by John M. Frame
Associate Professor of Apologetics and Systematic Theology
Westminster Theological Seminary in California
[Article for Dictionary of Christian Theology, published by Inter-Varsity Press, edited by Sinclair Ferguson and David Wright.]
In the mid-1960s, counter-cultural radicalism was echoed in theology as a few thinkers adopted Nietzsche’s slogan, “God is dead.” Thomas J. J. Altizer argued that God had become fully human in Christ, so as to lose his divine attributes and therefore his divine existence (a sort of extreme kenoticism, q.v.). William Hamilton, with less claim to theological profundity, said that modern people were unable any more to believe in God, and the church ought, therefore, to seek to do without him as well. Paul Van Buren followed language philosophers in arguing that the concept of God was “cognitively meaningless,” since God’s existence and nature were not verifiable or falsifiable by the methods of science. (See article on language analysis).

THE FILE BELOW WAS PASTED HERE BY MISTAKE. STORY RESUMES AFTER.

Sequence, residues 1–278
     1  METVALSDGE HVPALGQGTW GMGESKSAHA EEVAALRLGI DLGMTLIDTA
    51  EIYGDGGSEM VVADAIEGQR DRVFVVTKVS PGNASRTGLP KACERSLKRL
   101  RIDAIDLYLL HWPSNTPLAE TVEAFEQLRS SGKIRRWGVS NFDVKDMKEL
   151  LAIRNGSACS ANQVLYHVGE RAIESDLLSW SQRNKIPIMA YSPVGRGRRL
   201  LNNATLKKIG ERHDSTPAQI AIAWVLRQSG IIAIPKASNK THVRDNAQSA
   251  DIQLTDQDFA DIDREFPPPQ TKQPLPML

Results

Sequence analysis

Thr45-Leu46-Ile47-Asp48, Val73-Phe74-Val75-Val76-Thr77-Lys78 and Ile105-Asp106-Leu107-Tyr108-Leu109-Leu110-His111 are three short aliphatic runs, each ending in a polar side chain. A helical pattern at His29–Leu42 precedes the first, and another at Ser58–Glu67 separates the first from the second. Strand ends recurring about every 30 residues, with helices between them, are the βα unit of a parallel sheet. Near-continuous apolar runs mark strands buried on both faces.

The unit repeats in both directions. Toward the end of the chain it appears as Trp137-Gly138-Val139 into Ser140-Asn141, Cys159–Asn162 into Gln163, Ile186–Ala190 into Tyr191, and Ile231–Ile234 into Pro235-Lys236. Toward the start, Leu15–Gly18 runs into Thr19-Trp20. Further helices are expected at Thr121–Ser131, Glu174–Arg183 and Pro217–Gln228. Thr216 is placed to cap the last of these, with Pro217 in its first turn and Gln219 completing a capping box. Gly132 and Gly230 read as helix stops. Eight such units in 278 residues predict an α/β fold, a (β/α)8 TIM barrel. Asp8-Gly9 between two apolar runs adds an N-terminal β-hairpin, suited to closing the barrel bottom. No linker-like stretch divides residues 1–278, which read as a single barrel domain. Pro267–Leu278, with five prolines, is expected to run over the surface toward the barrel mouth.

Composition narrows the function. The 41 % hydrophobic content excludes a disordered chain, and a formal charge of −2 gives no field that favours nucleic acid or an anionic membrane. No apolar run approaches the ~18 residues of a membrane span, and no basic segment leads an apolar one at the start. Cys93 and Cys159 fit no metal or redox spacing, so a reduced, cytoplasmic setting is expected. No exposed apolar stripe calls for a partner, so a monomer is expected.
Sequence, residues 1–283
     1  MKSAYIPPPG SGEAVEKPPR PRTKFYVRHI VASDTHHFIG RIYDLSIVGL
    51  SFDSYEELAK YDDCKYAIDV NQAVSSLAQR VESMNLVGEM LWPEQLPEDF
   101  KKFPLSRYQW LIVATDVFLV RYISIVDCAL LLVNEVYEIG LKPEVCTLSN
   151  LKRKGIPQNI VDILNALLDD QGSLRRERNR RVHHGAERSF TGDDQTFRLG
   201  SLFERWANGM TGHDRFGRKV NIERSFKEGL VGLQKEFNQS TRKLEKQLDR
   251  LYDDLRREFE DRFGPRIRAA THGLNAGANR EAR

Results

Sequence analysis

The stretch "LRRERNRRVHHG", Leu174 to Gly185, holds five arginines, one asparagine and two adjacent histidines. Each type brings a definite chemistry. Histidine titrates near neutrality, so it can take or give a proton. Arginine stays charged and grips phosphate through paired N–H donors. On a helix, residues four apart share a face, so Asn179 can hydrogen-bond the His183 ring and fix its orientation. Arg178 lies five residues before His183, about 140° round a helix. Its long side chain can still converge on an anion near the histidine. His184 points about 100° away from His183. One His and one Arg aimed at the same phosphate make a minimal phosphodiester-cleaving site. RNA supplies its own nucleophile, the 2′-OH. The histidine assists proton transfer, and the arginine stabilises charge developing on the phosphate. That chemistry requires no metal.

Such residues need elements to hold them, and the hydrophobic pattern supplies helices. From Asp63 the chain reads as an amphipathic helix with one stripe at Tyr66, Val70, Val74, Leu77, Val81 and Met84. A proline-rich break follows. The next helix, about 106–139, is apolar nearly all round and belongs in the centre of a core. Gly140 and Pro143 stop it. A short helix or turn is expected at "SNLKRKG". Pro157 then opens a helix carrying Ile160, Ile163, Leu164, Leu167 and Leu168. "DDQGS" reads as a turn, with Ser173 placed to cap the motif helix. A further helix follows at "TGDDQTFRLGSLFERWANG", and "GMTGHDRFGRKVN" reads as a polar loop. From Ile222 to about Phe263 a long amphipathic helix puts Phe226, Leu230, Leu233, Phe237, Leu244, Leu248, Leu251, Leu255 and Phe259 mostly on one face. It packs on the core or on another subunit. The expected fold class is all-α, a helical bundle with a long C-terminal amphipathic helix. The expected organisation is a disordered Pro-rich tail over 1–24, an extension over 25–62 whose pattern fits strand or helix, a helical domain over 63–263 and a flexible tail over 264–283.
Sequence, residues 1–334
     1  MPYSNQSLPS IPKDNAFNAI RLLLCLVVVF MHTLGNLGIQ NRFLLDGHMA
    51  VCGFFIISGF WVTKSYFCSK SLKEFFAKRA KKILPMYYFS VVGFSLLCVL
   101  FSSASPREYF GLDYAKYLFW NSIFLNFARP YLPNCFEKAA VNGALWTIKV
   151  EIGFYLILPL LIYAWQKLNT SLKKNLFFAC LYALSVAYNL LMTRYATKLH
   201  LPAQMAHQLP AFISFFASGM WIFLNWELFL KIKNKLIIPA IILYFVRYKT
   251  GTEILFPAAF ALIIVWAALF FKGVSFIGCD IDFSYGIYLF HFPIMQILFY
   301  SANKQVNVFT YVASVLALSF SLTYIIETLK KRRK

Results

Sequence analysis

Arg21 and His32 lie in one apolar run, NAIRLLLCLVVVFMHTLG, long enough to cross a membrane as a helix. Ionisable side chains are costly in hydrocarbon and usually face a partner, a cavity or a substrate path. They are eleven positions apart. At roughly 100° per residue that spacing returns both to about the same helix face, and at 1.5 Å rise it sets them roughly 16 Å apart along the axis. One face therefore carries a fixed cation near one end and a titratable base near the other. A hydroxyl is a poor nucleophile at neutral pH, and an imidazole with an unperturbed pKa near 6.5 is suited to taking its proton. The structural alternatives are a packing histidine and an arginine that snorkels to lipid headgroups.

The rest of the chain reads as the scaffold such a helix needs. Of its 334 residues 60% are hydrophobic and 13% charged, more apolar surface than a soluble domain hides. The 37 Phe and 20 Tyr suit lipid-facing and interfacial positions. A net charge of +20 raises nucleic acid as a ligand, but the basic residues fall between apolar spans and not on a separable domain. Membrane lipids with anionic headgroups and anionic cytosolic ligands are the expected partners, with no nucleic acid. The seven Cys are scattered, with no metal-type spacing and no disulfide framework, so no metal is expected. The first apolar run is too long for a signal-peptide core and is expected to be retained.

The death of God theology was a minor movement (though it brought great notoriety, briefly, to its authors), but an instructive one. Instructive because it underscored the bankruptcy of the liberalism and neo-orthodoxy which has dominated theology in our century. Altizer’s extreme kenoticism had roots in Barth, and Hamilton’s talk about modern man recalls Bultmann. Tillich taught that one may find God by passionately embracing unbelief. (Bonhoffer’s “religionless Christianity” also influenced the movement, perhaps by the authors’ misuse of Bonhoffer.) If we agree (with liberalism and neo-orthodoxy) that God is too transcendent to be described in words, or too immanent for his acts to be distinguished from those of nature and man, then what do we have but a dead, or non-existent God?
Altizer, Thomas J. J., The Gospel of Christian Atheism (Phila., Westminster Press, 1966).
Altizer, T., and Hamilton, W., Radical Theology and the Death of God (N. Y., Bobbs Merrill, 1966).
Ice, J., and Carey, J., ed., The Death of God Debate (Phila., Westminster Press, 1967).
Montgomery, J.,The `Is God Dead?’ Controversy (Grand Rapids, Zondervan, 1966).
-,The Altizer-Montgomery Dialogue (Chicago, Inter-Varsity Press, 1967).
Van Til, C., Is God Dead? (Phila., Presbyterian and Reformed, 1966).